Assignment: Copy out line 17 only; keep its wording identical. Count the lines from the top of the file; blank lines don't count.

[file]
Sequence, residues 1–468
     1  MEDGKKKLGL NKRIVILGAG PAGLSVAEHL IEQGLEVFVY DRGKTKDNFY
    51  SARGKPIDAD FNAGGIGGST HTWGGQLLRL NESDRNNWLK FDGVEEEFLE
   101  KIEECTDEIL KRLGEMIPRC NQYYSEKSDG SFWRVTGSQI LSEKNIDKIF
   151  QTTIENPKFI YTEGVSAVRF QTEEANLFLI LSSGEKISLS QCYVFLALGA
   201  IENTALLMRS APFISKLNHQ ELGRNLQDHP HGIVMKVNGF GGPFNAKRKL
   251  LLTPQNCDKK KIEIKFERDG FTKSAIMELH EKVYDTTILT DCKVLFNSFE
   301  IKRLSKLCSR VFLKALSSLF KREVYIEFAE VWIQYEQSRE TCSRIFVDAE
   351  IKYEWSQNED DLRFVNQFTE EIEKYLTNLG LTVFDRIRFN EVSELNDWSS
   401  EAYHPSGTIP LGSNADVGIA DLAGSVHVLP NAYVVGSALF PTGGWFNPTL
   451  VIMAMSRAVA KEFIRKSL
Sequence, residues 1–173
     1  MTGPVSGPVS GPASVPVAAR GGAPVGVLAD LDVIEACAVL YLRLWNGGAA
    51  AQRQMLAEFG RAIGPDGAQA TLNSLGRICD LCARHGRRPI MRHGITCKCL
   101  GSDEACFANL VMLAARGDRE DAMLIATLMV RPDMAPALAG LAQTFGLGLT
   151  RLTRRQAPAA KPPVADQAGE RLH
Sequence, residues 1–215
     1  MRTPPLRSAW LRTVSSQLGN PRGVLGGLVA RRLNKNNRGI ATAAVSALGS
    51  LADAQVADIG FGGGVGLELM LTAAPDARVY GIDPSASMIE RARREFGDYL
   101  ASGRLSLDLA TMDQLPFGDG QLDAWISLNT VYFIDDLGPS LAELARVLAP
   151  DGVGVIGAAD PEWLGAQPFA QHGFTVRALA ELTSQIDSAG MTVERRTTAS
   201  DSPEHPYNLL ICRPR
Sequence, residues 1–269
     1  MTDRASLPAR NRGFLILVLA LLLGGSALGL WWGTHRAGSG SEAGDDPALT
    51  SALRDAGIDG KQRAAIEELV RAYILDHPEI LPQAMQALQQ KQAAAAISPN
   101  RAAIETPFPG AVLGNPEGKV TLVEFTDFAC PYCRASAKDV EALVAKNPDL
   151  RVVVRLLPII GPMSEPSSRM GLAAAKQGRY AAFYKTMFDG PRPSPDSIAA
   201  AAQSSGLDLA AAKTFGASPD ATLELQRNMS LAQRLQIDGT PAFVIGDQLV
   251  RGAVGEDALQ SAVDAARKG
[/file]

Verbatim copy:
Sequence, residues 1–215